An article in today’s Observer gives an interesting overview of relations between the USSR’s most important successor states: Russia and the Ukraine.
with the international financial system almost collapsing, a global recession, a new US president, continuing war on Palestine, and in Iraq and Afghanistan…
It is not surprising that attention has strayed once again from what is happening in the states of the former Soviet Union. For a few weeks last year the world was forced to sit up by the war in Georgia, and then lost interest again. Last week’s report on that war shared the blame around: Georgia started it but Russia over-reacted. It only stated the conclusion that most observers had already come to.
But then trying to understand what is happening there is still, in too many ways like trying to understand the riddle wrapped in an enigma that Churchill described.
The politics of the successor states, and their interrelations, continues t be a place of smoke and mirrors where no-one’s motives are entirely what they seem to be.
Certainly under Putin, and now under the Putin-Medvedev regime, Russia is reasserting itself. It is once again making sure that its writ runs in what is still referred to as the “near abroad”. And now Russia’s gaze is turning again to the Ukraine, the independence of which it acquiesced in as unstoppable, but never really accepted as legitimate.
And Ukraine seems to be ripening for the picking as it slides into ever deepening political and economic crisis.
Few in the Ukraine it seems would want a return to the Soviet Union. But the ruling class of that country was fully integrated into that of the Soviet Union. A situation that has in some ways not changed since. The country’s different political forces are little more than fronts for groups of biznesmeny who are still entwined with the state.
The political gyrations of Yulia Tymoshenko are just one of t he more prominent examples of this phenomenon. A “self made” billionaire she has shifted from being pro-Russian, to anti-Russian firebrand of the Orange revolution to Russia’s favoured choice for the Ukrainian presidency.
This should come as no surprise. She is a native of the Dnieprpopetrovsk in the heavily industrialized, and mainly Russian speaking, east of the country. It is where she became the “gas princess” and one of the country’s “energy oligarchs”. Her business partners and collaborators read like a who’s who of the Ukrainian elite.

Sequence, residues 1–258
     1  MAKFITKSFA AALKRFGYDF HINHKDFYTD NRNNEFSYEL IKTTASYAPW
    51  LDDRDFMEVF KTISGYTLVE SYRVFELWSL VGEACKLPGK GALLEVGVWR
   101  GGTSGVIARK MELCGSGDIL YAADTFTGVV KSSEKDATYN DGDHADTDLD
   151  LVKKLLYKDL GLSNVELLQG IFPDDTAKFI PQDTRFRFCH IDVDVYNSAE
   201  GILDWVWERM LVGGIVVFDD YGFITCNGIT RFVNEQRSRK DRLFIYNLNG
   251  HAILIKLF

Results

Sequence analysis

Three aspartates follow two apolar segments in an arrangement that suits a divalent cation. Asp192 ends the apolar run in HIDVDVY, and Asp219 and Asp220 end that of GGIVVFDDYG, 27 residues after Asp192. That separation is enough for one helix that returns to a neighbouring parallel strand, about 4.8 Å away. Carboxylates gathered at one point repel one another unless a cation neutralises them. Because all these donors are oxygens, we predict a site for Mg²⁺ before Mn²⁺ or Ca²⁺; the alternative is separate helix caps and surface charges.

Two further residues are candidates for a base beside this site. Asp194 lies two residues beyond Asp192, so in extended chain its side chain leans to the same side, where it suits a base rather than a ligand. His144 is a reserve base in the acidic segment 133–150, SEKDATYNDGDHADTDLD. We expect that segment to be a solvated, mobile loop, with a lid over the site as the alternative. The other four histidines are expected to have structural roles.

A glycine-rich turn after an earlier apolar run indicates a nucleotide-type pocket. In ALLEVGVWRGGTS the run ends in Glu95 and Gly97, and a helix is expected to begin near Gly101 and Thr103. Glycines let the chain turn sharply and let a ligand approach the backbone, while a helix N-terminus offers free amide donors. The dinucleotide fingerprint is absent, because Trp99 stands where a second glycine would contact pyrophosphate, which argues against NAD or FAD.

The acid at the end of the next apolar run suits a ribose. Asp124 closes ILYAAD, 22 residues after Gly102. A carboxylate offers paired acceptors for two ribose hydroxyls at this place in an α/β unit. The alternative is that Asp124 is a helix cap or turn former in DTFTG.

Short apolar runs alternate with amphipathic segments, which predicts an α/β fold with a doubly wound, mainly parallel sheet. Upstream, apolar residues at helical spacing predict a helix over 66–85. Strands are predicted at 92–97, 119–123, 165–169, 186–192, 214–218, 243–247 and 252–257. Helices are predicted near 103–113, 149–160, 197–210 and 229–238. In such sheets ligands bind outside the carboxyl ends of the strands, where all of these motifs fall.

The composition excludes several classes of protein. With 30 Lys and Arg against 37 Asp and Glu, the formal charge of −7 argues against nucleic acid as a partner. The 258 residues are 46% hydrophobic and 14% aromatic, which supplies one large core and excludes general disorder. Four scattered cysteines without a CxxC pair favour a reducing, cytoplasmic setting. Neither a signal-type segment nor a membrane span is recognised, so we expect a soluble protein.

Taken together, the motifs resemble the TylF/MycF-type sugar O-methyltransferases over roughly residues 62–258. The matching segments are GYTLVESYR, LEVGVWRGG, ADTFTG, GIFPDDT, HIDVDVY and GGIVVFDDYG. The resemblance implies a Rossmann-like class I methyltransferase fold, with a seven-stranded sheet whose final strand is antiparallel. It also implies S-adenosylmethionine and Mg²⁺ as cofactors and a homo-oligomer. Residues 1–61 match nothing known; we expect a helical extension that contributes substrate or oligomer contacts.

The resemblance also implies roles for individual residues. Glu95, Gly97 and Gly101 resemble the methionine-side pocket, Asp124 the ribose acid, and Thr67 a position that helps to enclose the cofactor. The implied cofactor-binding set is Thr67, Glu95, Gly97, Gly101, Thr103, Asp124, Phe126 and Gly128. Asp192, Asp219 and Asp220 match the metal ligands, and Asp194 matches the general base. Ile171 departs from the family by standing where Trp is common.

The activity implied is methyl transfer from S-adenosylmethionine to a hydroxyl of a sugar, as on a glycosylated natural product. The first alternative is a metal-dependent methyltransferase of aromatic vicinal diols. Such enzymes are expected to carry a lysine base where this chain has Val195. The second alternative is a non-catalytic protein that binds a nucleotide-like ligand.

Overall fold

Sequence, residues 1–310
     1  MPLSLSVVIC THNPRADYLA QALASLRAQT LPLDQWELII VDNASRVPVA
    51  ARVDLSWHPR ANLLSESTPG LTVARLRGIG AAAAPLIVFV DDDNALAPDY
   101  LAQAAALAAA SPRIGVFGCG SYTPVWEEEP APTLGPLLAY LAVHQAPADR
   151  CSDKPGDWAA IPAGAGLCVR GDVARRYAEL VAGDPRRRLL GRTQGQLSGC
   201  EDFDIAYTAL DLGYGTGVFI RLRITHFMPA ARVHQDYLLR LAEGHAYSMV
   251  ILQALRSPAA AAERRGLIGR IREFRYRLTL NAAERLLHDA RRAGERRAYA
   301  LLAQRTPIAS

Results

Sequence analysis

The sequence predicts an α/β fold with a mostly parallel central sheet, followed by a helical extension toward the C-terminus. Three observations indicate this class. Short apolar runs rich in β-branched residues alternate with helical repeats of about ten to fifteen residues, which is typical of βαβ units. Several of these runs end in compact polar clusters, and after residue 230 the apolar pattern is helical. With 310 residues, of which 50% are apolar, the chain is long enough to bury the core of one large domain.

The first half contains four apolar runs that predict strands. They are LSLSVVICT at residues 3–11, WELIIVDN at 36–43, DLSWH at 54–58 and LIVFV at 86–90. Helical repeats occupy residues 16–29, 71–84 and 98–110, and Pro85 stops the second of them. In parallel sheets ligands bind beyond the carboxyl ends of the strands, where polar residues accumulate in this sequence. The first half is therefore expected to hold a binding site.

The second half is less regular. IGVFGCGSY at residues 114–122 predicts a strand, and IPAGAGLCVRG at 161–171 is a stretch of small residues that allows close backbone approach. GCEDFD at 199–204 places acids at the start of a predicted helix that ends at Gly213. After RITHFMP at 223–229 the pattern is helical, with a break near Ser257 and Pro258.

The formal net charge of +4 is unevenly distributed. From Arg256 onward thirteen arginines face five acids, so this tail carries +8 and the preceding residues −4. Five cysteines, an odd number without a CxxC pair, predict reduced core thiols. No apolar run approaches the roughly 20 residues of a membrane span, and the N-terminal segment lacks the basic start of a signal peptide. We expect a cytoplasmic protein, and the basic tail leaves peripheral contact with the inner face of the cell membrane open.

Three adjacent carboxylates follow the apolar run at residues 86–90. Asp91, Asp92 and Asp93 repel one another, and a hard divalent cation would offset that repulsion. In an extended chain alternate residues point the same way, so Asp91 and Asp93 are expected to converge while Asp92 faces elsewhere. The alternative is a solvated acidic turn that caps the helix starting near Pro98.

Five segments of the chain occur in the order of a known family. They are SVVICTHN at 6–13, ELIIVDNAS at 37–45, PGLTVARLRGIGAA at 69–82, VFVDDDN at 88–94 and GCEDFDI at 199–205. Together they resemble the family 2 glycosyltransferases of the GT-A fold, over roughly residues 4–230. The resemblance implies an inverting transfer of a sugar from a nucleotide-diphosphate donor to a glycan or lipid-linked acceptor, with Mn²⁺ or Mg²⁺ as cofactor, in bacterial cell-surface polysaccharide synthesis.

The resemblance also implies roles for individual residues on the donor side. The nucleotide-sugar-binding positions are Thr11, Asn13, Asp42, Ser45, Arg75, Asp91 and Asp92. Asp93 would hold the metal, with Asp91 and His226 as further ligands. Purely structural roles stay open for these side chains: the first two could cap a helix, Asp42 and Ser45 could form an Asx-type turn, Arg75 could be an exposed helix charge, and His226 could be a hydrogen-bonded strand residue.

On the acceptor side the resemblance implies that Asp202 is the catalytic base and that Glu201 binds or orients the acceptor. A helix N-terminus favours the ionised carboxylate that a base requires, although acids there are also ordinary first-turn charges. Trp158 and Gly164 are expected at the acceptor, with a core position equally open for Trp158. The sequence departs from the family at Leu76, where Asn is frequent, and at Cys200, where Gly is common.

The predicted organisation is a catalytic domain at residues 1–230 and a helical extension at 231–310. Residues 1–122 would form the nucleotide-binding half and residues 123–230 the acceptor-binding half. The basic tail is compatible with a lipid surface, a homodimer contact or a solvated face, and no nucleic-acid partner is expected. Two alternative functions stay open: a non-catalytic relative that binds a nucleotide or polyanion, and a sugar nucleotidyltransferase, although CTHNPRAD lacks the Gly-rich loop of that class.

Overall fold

The region was the base of Leonid Kuchma. The former boss of the massive Yuzmash missile factory he was to become the president who’s corrupt and undemocratic regime was the target of public anger in the so-called Orange Revolution.
Dnieprpopetrovsk has been the seedbed not only of the much of today’s Ukrainian elite but of the Soviet Unions’ before that. Leonid Brezhnev was party boss of the region and the cronies he packed the CPSU’s Central Committee with were known as the Dnieprpopetrovsk Mafia.
Volodimir Sherbitsky, the Ukraine party boss was another of this gang. When Kuchma won the presidency, it was only the same old gang reclaiming what they thought was rightfully theirs.
Viktor Yanukovich, the defeated candidate in the election that had been fixed for him to win, is from the Donbass, the equally industrialized region next-door to Dnieprpopetrovsk. Another famous son of the region was Nikita Khrushchev, who was of course ousted by his fellow Ukrainian and protégé Leonid Brezhnev in 1964.
The intricacies of post-Soviet politics seem to fit Churchill’s description. But they are also a source of instability as Russia continues to try and reassert itself in what it believes to be its back yard, and in the face of opposition from local elites, distrusting populations and western powers who often each seem to be pursuing differing and contradictory agendas (for some of the complications of Germany’s relations with Russia you could read a previous post here).
Either way the region continues to be unstable and a violent clash between Russia and Ukraine is now being seriously discussed as a possibility in the future.
The ramifications of which the world will not be able to forget as quickly as last years brief war with Georgia.
This isn’t necessarily what the Observer says but the article is definitely worth a look. To read it click here.